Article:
According to a USA Today article, many large protests in D.C. history included the 500-600k protesters who demonstrated against the Vietnam War in 1969. In 1963, the Jobs and Freedom protest drew about 250,000 people to D.C., where Martin Luther King Jr. delivered his "I have a dream" speech. Most recently, the March for our Lives, which took place on March 24th, 2018, drew a crowd of about 800,000 protesters. On this episode, we reflect on some of the social differences of previous protesters in comparison to today’s, in order to answer the question - what is unique about today’s social movements and its participants?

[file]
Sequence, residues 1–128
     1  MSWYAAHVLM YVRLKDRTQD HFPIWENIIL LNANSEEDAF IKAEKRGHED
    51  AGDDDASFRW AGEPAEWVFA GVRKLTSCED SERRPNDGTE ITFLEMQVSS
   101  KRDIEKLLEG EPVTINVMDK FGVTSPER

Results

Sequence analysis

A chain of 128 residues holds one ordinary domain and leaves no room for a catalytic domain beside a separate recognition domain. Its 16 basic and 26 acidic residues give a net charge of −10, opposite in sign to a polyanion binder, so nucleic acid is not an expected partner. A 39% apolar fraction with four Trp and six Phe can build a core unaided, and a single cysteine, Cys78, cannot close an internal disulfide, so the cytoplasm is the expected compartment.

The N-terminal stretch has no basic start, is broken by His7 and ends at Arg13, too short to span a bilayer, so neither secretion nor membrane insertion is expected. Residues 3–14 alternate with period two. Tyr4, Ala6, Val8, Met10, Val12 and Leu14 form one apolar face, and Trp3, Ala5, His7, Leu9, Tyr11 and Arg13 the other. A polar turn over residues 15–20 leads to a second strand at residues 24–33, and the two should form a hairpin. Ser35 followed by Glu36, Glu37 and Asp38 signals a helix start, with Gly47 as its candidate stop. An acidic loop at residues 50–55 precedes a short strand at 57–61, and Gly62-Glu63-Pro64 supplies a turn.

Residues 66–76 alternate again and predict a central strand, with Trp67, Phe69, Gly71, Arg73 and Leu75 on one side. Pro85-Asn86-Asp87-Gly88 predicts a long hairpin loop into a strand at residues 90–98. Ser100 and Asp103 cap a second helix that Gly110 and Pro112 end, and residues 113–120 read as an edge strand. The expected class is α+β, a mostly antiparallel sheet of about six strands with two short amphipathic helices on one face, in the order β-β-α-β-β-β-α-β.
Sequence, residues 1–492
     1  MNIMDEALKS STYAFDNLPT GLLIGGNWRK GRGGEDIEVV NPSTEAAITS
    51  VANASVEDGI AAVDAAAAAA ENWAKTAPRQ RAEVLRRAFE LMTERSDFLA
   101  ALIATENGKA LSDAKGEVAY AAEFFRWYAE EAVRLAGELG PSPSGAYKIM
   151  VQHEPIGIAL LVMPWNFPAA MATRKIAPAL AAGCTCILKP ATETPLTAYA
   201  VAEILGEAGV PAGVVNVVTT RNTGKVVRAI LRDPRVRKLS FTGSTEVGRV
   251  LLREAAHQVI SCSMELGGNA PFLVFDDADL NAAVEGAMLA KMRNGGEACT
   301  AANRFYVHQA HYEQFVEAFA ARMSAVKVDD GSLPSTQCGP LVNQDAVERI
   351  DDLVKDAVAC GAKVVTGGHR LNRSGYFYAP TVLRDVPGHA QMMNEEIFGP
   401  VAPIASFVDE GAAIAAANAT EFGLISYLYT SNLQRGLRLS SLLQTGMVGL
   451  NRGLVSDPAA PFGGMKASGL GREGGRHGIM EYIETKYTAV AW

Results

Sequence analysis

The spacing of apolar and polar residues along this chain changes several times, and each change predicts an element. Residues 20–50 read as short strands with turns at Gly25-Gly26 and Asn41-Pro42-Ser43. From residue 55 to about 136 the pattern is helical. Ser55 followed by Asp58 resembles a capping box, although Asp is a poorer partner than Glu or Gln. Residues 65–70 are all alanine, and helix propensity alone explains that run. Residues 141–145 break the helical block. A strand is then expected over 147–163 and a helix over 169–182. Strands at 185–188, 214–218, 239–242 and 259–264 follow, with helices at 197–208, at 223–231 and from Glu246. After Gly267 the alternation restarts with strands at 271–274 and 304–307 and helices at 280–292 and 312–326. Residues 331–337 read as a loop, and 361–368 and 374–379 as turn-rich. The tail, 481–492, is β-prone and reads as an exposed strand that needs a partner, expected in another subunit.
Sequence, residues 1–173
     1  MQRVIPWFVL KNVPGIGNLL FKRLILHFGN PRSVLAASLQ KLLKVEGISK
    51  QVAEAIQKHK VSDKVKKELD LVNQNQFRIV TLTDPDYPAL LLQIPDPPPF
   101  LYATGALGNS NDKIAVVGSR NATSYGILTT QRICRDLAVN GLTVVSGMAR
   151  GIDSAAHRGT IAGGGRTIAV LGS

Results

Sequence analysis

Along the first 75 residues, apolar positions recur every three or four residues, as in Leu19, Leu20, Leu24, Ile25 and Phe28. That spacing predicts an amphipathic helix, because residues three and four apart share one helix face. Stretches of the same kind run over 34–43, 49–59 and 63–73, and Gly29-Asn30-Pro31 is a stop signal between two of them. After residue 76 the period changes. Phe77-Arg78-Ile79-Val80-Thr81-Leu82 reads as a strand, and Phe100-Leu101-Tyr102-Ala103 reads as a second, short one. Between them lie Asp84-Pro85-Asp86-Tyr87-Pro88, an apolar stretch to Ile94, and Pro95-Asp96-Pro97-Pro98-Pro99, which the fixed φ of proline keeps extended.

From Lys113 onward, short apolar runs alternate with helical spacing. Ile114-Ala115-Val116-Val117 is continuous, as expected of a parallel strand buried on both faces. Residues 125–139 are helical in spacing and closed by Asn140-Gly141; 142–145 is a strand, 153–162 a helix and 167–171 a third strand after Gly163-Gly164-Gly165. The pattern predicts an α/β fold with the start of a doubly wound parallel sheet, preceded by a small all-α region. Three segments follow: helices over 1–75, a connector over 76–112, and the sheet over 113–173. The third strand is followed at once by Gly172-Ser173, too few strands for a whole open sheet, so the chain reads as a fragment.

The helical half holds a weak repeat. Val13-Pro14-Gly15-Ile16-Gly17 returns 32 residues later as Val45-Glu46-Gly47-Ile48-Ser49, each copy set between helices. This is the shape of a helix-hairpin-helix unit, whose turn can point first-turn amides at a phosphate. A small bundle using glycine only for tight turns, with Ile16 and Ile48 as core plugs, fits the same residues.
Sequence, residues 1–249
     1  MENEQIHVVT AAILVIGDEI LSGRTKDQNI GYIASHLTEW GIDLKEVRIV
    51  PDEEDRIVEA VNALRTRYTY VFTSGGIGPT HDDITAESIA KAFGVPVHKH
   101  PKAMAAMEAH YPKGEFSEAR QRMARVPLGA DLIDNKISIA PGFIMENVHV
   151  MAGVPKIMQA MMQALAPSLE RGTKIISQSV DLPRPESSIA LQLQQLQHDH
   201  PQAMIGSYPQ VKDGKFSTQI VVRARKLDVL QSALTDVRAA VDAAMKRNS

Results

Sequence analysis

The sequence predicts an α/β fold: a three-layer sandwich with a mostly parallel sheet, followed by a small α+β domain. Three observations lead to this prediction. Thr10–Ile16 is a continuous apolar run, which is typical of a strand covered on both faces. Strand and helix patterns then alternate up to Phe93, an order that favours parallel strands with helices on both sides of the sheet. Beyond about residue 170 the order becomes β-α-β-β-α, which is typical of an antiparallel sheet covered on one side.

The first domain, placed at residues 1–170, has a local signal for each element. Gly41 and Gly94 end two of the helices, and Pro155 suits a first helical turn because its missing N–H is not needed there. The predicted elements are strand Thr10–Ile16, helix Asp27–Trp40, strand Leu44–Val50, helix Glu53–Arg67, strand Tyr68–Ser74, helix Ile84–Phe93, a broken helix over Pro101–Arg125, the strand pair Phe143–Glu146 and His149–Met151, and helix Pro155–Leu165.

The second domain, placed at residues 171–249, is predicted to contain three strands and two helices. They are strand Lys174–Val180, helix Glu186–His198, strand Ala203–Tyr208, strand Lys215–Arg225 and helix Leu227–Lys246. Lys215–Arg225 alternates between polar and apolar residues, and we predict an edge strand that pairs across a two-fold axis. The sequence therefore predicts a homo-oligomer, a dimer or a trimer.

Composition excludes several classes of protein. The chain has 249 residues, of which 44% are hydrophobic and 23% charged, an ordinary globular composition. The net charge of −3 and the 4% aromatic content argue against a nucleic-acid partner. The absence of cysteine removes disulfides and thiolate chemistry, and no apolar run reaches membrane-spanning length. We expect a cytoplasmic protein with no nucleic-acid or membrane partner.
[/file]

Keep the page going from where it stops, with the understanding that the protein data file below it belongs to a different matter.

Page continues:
According to a New York Times article published this month, following the violent protest that erupted in Charlottesville Virginia, statues around the country, which represent eras of the Confederacy have been coming down. From Los Angeles, to Brooklyn, monuments and statues have come down, with many other cities proposing removal of theirs. On today’s episode, we discuss the implications and social significance of the removal of monuments.